Exploring the forest by the numbers
Last updated 12/13/2022 at Noon
Anybody who has explored the forests of Sisters Country is familiar with the numbered forest road markers. What do the numbers actually mean?
The only thing systematic about the Forest Service road numbering system is that there is nothing systematic, at least in the sense of consistency. Each National Forest is more or less free to employ their own numbering scheme. So if you came to Sisters from say the Southern California area and were a regular at the Angeles National Forest you may have seen roads like 2N18 or 3N47.
Other than FS for Forest Service, you won’t find any alpha characters in the Deschutes National Forest, only numbers. One might assume using all numbers makes it easier to get around. Perhaps. And there is a method, mostly, to all of it.
It helps to think of it conversely: smaller the road number, the bigger and most likely paved the road. Forest Road 16 is also known as Three Creek Road. Most all of us know it by that name. It’s the one that starts just south of town on Elm, where it turns into County Road 16 and then Forest Road 16.
All FS roads off of 16 are numbered with a series beginning with 16, right? Well, no, actually. As an example, Forest Service road 1514 terminates on the east end at 16. It’s easy to explain, though: 1514 begins at FS Road 15 to the west and is an offshoot of that road only coincidentally connecting Road 15 with Road 16.
Think of 15 and 16, both paved, as avenues (two digits), and 1514 as a street, although unpaved. Off the avenues and streets are the equivalent of lanes, ways, and cul-de-sacs. Sort of. Now all the numbers off the streets (four digits) turn to seven numerical digits —like 1624320, the road into Upper Three Creeks Sno-Park.
Using this city map comparison, here’s the breakdown of 1624320: Avenue 16, Street 24, Lane 320. It’s possible that without a map or GPS/nav system one could make it to 1624320, provided they started at the beginning of 16, in this case Elm Street in town.
It’s also helpful to know that as you get farther away from the start of the primary road —the avenue — the numbers get higher. So 1605, also known as Brooks Scanlon Logging Road (also known as power line road, depending on your length of time in Sisters), is but one mile from town, whereas 1624 is about 10 miles.
Some fun facts: If you told Charlie to meet you at noon at 16 and 1605, and you told Sally to meet you at 16 and 4606 at noon, where would you all wind up? The exact same spot: Brooks Scanlon Logging Road and 16, because Brooks Scanlon east of 16 is 4606 and west of it is 1605.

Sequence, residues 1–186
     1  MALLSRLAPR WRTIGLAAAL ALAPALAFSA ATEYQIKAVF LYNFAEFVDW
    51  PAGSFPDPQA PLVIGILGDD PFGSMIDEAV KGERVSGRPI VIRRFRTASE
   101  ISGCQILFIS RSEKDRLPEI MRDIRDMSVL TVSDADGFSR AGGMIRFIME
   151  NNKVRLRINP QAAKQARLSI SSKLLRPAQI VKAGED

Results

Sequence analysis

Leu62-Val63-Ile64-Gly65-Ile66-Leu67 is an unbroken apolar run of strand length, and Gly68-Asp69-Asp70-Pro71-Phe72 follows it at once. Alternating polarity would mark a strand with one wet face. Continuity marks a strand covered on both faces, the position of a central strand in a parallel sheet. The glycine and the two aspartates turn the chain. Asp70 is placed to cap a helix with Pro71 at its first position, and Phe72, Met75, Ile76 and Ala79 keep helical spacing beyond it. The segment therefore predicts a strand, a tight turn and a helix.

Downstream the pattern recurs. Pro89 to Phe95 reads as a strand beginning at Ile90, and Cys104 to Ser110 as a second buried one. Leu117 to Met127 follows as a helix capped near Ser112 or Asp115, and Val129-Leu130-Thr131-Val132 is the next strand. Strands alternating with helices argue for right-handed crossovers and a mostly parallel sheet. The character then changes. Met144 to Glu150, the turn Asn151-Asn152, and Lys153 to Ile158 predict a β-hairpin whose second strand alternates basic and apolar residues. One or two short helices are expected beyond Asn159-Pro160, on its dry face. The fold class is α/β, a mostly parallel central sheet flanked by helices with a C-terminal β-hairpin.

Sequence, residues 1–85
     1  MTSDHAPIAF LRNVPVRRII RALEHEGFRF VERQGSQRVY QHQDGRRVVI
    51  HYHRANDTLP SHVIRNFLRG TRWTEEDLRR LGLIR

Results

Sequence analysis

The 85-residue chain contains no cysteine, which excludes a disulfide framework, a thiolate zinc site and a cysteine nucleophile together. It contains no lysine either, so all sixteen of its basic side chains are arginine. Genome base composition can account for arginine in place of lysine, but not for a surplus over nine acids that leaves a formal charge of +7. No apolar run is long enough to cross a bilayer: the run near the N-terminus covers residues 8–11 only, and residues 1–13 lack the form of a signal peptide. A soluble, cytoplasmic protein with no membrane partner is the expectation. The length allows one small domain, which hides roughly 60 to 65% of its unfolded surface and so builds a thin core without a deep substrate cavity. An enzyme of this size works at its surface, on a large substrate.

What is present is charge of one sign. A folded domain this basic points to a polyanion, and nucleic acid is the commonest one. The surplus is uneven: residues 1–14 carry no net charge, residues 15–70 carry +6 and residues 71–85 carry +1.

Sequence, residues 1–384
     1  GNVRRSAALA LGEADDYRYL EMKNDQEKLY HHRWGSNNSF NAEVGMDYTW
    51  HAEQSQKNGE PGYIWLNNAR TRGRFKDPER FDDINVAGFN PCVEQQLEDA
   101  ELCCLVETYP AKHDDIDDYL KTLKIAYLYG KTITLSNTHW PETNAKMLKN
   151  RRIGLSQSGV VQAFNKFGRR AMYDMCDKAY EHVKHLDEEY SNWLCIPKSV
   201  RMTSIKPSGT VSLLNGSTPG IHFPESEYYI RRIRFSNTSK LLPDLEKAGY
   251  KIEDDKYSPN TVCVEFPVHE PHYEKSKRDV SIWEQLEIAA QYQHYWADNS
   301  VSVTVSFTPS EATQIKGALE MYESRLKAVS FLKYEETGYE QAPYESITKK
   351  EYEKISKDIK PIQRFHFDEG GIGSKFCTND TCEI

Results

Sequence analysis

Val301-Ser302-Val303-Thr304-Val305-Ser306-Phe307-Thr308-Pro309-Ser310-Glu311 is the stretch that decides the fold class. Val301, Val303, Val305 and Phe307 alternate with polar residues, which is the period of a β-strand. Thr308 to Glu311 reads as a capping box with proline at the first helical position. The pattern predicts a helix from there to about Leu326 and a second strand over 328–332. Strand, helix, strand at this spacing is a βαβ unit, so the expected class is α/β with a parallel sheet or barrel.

Here’s one most of us aren’t likely to get. We just talked about 16, everybody knowing that one. The 15 road? Of course, Pole Creek Road off of 242 (McKenzie Highway). Forest Road 11? Easy: Indian Ford off of Highway 20. The 14 Road? Sure, the Camp Sherman road. But what about 12? Fewer know that right off the bat — Jack Lake Road in the Mt. Jefferson Wilderness Area off of US20.
But where’s Forest Road 10? That’s right, it’s Highway 242, the McKenzie Highway. Notice next time that everything off 242 is 10 something — like 1012 at Cold Spring Camp Ground.
If you have the usual topographical map of Deschutes National Forest, the road picture is nowhere near as complete as the MVUM Map (Motor Vehicle Use Map). Trappers, miners, and loggers carry both. You can get one here for free: https://bit.ly/3PhLwKd.
The earliest forest roads date to the 1800s and included wagon trails through federal lands. The Forest Service was for many decades the world’s biggest road builder. The road system in national forests was largely built to harvest timber and develop other resources. In 1950, loggers harvested 3.5 million board feet from national forests. It is estimated that then 14,000 vehicles per day accessed forests for timber purposes compared to 137,000 per day for recreational use.
Today, the Forest Service manages 371,000 miles of road on which over 100 million vehicles per year travel. More than 8,500 miles of those roads are in the Deschutes National Forest. Oregon as a whole by comparison has 3,460 miles of highways and byways.
With that many roads originally built primarily for logging, maintenance might be equated to an exercise in futility. The sheer and growing mass of recreationalists — campers, anglers, hunters, climbers, hikers, snowmobilers, equestrians, and others were never envisioned when the roads were built, much less designed for the speeds on which they are driven. Keeping these roads maintained to current users’ satisfaction is daunting.
So, before you complain too much or too often, think of the scale of the effort.